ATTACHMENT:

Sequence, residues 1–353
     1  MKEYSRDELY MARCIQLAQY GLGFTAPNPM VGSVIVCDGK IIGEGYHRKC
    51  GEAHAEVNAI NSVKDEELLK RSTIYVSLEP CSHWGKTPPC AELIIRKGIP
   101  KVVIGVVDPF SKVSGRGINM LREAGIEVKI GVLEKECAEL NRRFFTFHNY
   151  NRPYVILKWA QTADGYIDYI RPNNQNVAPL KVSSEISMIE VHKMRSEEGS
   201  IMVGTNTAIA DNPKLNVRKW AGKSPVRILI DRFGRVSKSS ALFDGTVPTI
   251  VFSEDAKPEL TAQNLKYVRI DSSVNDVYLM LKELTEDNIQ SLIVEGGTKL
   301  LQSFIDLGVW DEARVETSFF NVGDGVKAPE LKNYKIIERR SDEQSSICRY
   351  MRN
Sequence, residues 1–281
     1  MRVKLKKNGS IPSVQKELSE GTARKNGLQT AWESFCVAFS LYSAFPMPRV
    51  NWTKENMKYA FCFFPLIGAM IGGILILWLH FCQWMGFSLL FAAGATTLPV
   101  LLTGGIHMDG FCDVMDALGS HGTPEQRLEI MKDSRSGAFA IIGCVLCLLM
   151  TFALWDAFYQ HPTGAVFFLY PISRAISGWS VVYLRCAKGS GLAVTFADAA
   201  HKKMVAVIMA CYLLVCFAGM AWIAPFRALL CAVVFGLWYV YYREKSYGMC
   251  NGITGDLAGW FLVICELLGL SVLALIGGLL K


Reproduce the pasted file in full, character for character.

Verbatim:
Sequence, residues 1–353
     1  MKEYSRDELY MARCIQLAQY GLGFTAPNPM VGSVIVCDGK IIGEGYHRKC
    51  GEAHAEVNAI NSVKDEELLK RSTIYVSLEP CSHWGKTPPC AELIIRKGIP
   101  KVVIGVVDPF SKVSGRGINM LREAGIEVKI GVLEKECAEL NRRFFTFHNY
   151  NRPYVILKWA QTADGYIDYI RPNNQNVAPL KVSSEISMIE VHKMRSEEGS
   201  IMVGTNTAIA DNPKLNVRKW AGKSPVRILI DRFGRVSKSS ALFDGTVPTI
   251  VFSEDAKPEL TAQNLKYVRI DSSVNDVYLM LKELTEDNIQ SLIVEGGTKL
   301  LQSFIDLGVW DEARVETSFF NVGDGVKAPE LKNYKIIERR SDEQSSICRY
   351  MRN
Sequence, residues 1–281
     1  MRVKLKKNGS IPSVQKELSE GTARKNGLQT AWESFCVAFS LYSAFPMPRV
    51  NWTKENMKYA FCFFPLIGAM IGGILILWLH FCQWMGFSLL FAAGATTLPV
   101  LLTGGIHMDG FCDVMDALGS HGTPEQRLEI MKDSRSGAFA IIGCVLCLLM
   151  TFALWDAFYQ HPTGAVFFLY PISRAISGWS VVYLRCAKGS GLAVTFADAA
   201  HKKMVAVIMA CYLLVCFAGM AWIAPFRALL CAVVFGLWYV YYREKSYGMC
   251  NGITGDLAGW FLVICELLGL SVLALIGGLL K